However, despite the dire potential, we still have the trappings of so-called liberal or neo liberal democracy, where we have courts mandated to enforce  the constitution and juries composed independent citizens.

The historic reality that the U.S. was never a real democracy, racism, sexism and exploitation, has always been with us, and as a result we have had a long history of resistance and of repression.  In my own legal experience, I have seen the attacks on the anti-Viet Nam war movement, including the coordinated use of nation-wide grand juries under Nixon to imprison leaders, the Co-intelpro  program which targeted BLM imprisoning and assassinating  its leaders / the Attica massacre and its aftermath of indictments of the prisoners, the siege of Wounded knee the attacks on the PRIM, here and in Puerto Rico, the attacks of the CA Sanctuary movement, the use  after 9/11of  federal “terrorism”  laws to criminalize solidarity work, particularly against  Muslims and the Palestinian solidarity movement, and the passage of broad state terrorism laws to charge Occupy activists.  And countless other acts of repression against workers, woman’s rights, the LGBT community, environmental and animal rights activists and the wholesale attacks and deportations of millions of immigrants.

So I want to share with you some principles I have distilled from my own experiences as a lawyer in many of these struggles. I was very fortunate as a young lawyer to have the opportunity to work with the Attica Brothers in their fight for justice. And many of the experiences I had there were repeated in the subsequent political cases that I have had the privilege of being involved in.

Of course, some of these ideas should be obvious and others will not apply universally, but I humbly offer them for your consideration.

  1. First and foremost, as much as possible take leadership from your clients.  Understand their politics and their goals, specifically as it applies to your legal representation.  At Attica we had 60 brothers charged with 1400 hundred felony counts It was our job to translate in the courtroom and if called upon outside to explain that they were not the criminals, but the victims of a massacre and a subsequent orgy of brutality.  To do so we had to understand what caused the rebellion and the State’s cover-up.

When you represent a Grand jury resister, be clear if their position is non-collaboration, regardless of  immunity andimprisonment.  In the case of PRIM activists accused of being members of the FALN, they made a collective decision to not recognize the jurisdiction of the Court and demand POW status. This decision was a difficult one for a lawyer used to contesting the facts, but we accepted this position, prepared motions supporting their position under international law and took their case to international forums. Not surprisingly, they were convicted, but set the political stage, that they were not criminals, for their release as political prisoners.  In contrast , Independence activists accused in Hartford of being member of the Macheteros, fought their case on the facts, while still raising political issues.

  1. Secondly, we must work with the community of supporters of your clients. We must explain carefully your strategy as much as possible and listen to their views and concerns. Hundreds of people from all across the progressive spectrum were moved to support the Attica brothers, while our relationships were not always amiable, we felt an obligation to respect their support and provide them with information.
  2. Work collectively with co-defendants and their lawyers. Unity is key here. In multi-defendant cases, there may be strategy, political and style differences between the lawyers, but a collective coordinated defense ensures a stronger, clearer, presentation and minimizes the possibilities of  a defendant isolated and choosing to become a state’s witness.   In the Pontiac prison case, in which 17 young Black men faced the death penalty we had 20 different criminal defense lawyers who were used to representing their own individual clients, but after much struggle and meetings and sharing the unity of Attica, all agreed to work together with a joint strategy.  All were acquitted or had their cases dropped.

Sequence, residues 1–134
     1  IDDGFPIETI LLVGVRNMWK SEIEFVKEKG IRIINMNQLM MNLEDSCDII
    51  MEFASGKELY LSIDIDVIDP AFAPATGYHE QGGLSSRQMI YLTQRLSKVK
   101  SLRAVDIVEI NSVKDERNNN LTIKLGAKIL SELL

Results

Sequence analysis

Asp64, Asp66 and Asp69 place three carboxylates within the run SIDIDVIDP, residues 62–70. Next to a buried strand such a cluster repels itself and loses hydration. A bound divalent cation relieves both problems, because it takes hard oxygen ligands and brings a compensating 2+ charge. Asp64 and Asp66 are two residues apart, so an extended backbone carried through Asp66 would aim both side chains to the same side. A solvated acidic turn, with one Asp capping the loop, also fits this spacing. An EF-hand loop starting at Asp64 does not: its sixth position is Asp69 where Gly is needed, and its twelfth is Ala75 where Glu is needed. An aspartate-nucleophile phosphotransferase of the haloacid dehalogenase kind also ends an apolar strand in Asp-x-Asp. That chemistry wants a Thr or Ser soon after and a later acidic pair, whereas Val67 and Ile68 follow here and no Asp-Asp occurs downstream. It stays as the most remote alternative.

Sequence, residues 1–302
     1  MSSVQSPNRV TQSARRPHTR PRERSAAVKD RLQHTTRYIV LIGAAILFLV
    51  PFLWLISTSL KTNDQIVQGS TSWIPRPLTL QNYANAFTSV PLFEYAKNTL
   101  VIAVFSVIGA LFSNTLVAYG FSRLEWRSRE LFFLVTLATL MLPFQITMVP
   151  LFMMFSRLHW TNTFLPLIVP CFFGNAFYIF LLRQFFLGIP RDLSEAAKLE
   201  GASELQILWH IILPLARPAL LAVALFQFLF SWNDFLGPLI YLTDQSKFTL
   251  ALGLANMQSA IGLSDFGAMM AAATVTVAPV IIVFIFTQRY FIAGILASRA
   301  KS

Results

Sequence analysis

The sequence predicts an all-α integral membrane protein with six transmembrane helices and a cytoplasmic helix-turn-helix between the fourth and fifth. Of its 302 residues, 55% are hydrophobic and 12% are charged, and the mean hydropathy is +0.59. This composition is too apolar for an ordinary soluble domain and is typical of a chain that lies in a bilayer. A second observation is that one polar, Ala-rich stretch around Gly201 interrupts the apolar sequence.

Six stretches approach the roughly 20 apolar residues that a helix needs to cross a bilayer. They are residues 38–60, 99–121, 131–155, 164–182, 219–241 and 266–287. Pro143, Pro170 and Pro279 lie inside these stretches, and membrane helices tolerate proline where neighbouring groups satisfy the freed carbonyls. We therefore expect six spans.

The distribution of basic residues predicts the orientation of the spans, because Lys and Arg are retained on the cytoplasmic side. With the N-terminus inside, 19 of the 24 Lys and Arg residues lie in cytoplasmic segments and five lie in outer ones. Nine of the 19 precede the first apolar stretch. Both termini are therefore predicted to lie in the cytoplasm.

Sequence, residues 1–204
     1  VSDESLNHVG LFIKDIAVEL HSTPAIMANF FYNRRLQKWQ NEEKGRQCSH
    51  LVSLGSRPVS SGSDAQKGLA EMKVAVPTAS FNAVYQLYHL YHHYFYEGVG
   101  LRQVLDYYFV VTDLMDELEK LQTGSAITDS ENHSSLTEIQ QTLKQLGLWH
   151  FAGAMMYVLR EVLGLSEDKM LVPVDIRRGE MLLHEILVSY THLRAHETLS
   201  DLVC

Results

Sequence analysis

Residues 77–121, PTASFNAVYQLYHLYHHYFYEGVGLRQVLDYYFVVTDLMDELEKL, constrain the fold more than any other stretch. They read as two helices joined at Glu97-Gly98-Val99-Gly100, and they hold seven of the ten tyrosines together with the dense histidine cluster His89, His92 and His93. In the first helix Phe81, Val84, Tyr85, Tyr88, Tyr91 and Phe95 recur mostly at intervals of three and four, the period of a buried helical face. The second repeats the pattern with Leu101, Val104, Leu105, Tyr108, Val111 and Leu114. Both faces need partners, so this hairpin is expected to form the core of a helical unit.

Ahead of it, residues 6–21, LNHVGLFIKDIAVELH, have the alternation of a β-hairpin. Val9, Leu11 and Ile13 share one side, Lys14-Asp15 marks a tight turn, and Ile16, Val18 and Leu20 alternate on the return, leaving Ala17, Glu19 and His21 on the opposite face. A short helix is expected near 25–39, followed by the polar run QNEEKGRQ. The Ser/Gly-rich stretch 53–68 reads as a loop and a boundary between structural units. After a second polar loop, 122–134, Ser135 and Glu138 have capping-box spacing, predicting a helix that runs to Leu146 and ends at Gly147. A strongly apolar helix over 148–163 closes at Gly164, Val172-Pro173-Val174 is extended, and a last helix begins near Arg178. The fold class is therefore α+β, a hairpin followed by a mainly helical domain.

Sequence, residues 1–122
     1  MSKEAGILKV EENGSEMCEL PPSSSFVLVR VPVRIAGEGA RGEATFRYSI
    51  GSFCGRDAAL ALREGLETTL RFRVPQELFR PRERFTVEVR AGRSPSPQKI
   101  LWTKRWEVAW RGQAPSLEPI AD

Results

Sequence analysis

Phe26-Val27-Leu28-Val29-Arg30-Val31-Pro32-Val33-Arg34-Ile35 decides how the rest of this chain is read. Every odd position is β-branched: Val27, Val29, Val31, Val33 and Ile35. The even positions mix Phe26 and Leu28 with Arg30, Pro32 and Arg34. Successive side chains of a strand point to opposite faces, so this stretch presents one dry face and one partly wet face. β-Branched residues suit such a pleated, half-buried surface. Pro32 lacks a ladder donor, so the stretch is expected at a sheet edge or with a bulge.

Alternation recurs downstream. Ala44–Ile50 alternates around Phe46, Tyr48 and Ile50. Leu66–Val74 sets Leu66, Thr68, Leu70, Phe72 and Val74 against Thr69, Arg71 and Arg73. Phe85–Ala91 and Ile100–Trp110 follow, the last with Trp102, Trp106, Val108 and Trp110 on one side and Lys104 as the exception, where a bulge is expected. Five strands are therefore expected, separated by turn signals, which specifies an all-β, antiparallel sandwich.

3. As much as possible put the Govt/State on trial. look for ways in your motion practice to raise the political issues inherent in your case.  Selective enforcement, political motivation, international law, government vindictive prosecution or misconduct to raise political issues. Use discovery to expose surveillance, spying,  the names of informants and make it burdensome on the prosecution.
  4. Be creative!  Think of ways to expose the political/repressive nature of the prosecution.  In the case of Muhammad Salah, who was tortured in Israel, we kept demanding the protocols and procedures allowed by the Israeli interrogators, which the Court denied as classified. We kept insisting and ultimately the Court allowed us stipulations to be read to the jury about the Israeli methods, which were akin to torture. This was determinative in convincing the jury that he confession was coerced and unreliable.

In the case of the NATO 3 charged with material support for terrorism, – a 40 year potential sentence -we convinced the court to instruct the jury on a lesser included charge of mob action, a misdemeanor

  1. Act with courage. Don’t be afraid to raise political issues or challenge the prosecution’s good faith or the impartiality of the court.  In  Rasmea  Odeh’s case we moved to recuse the Judge because of his close ties to the State of Israel.  He angrily denied the motion, but later when it was exposed that his family had a financial interest in an Israeli business that was bombed he had to step down.
  2. Be Resilient.  Don’t let bad rulings or difficult facts deter you. Study the history of political cases and what lawyers did right and what they did wrong.
  3. See yourself as part of the resistance movement. Your legal skills as your contribution.  Fight for your clients and for justice!